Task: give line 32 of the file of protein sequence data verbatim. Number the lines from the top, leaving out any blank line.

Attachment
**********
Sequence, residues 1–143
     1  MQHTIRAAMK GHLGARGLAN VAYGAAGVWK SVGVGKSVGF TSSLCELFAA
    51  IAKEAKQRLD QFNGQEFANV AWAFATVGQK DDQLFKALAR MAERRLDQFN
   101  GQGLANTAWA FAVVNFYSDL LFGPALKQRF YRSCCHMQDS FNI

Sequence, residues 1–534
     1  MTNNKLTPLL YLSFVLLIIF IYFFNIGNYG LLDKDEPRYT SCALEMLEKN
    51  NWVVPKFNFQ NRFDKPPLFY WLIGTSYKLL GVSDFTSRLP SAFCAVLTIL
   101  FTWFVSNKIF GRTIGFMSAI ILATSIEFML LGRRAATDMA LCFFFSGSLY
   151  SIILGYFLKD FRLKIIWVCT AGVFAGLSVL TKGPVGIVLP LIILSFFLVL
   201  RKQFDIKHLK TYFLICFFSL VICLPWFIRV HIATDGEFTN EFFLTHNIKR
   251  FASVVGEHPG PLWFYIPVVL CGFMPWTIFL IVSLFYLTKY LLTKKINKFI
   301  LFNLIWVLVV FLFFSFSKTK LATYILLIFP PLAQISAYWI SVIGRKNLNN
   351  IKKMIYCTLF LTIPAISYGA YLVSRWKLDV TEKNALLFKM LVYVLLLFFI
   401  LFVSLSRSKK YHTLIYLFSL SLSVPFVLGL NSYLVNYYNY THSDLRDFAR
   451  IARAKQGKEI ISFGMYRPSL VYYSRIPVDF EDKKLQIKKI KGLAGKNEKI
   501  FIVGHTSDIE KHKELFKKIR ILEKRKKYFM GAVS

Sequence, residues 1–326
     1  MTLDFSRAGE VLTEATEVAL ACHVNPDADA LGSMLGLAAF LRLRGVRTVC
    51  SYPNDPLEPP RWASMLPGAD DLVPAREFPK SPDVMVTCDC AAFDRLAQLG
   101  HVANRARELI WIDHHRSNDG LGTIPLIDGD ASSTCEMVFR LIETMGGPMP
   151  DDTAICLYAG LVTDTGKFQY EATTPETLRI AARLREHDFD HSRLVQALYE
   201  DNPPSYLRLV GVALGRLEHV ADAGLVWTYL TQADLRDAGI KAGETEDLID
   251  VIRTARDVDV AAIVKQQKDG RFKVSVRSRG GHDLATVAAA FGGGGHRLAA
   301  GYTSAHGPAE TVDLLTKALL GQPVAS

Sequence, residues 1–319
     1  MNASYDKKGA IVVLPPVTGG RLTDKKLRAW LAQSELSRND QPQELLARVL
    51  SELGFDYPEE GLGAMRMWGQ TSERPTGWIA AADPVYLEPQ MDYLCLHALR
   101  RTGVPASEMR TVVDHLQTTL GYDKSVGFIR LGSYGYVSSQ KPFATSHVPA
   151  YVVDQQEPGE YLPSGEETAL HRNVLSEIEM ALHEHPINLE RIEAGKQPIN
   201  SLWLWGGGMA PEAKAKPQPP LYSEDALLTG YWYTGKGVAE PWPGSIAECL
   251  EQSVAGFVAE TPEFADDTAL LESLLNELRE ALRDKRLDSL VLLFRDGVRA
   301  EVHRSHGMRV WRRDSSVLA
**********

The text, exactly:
   301  EVHRSHGMRV WRRDSSVLA